The Masai Mara National Reserve in southwestern Kenya is perhaps the most famous game reserve in all of Africa. A rich ecosystem of grassy plains, riverine forests and high escarpments provides for an abundance of wildlife seen in no other place on earth. While the annual migration of wildebeests and zebras, with the plethora of predators that feast on the young and feeble, is the draw for many, elephants are also an integral part of the scene. The Mara does not boast the density of elephants found in certain other game reserves, but it is an important habitat for the savannah elephant.
The Mara is an extension of the Serengeti ecosystem across the border in Tanzania. For centuries, Masai tribesmen have herded their cattle and claimed the territory in both countries as theirs. Because the land is rich, farming is adjacent to and sometimes spills over onto the reserve. The Mara’s accessibility, natural diversity, international movements of animals and proximity to human settlements combine to make it an ideal laboratory for elephant research.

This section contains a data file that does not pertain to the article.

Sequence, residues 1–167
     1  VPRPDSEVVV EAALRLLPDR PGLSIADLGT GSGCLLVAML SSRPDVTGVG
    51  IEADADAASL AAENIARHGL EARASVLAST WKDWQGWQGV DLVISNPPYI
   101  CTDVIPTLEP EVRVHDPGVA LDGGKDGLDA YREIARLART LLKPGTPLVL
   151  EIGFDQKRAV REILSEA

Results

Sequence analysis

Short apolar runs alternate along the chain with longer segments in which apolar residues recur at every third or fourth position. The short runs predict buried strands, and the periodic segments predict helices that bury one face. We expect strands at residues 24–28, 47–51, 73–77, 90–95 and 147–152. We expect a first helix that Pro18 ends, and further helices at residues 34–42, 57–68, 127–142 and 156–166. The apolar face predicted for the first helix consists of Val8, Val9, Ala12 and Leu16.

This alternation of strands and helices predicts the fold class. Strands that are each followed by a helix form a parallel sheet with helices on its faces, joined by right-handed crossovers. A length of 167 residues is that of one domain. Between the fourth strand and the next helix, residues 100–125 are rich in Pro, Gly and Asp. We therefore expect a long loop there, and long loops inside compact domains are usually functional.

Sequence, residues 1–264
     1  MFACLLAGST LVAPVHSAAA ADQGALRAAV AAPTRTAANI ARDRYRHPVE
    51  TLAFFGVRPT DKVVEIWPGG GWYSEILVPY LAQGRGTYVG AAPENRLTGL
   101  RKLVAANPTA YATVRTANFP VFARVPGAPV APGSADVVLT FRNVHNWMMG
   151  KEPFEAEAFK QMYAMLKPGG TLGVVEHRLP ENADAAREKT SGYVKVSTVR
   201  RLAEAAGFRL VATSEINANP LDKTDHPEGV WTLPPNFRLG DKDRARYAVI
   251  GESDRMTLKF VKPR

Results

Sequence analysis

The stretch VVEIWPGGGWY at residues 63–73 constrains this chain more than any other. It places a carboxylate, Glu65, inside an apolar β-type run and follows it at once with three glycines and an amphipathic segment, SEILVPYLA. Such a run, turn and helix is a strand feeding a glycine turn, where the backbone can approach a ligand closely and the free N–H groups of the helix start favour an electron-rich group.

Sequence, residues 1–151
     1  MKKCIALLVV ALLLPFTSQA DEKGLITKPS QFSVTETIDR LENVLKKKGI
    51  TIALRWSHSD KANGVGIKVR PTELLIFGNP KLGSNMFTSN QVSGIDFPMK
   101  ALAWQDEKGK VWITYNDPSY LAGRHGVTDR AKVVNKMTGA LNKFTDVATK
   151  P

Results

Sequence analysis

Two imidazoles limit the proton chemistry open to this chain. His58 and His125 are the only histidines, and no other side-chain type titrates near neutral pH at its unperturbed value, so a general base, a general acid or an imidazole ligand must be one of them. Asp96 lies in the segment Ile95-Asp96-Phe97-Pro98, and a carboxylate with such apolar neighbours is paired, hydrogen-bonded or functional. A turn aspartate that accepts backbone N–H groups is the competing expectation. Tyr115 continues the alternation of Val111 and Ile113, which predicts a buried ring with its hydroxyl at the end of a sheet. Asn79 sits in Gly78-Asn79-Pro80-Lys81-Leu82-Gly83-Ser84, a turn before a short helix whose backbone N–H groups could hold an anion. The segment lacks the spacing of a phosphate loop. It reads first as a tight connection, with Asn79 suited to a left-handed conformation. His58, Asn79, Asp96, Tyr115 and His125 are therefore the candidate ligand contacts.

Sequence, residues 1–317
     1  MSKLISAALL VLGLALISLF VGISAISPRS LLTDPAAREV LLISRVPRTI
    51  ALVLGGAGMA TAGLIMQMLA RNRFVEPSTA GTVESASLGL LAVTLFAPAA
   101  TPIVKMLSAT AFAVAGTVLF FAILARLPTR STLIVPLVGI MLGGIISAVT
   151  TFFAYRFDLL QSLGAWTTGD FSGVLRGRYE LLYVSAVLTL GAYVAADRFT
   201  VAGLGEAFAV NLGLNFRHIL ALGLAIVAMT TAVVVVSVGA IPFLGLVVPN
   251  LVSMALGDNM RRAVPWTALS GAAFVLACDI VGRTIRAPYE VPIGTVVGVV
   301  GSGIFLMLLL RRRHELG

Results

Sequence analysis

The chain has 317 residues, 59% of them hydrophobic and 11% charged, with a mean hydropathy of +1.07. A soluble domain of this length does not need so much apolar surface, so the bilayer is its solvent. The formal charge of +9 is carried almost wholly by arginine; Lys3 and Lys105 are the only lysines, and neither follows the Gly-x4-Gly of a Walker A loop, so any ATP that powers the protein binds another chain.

In 2011, the Escape Foundation, Save the Elephants and the Kenya Wildlife Service joined forces to employ satellite tracking technology to learn more about elephant movement and to address poaching and human-wildlife conflict issues. The Mara Elephant Project has produced a superb video describing their work, which I highly recommend you view here.
Radio collaring an elephant is no small undertaking, and it is interesting to watch the process on the video. A warning — there are graphic scenes of poached elephants with their faces hacked off. Not for the faint of heart. But this effort is full of big-hearted, committed people from a number of nations and represents in my view a fine example of the type of effort needed in many parts of Africa. Watch the video, and if you are inclined, contribute to the project.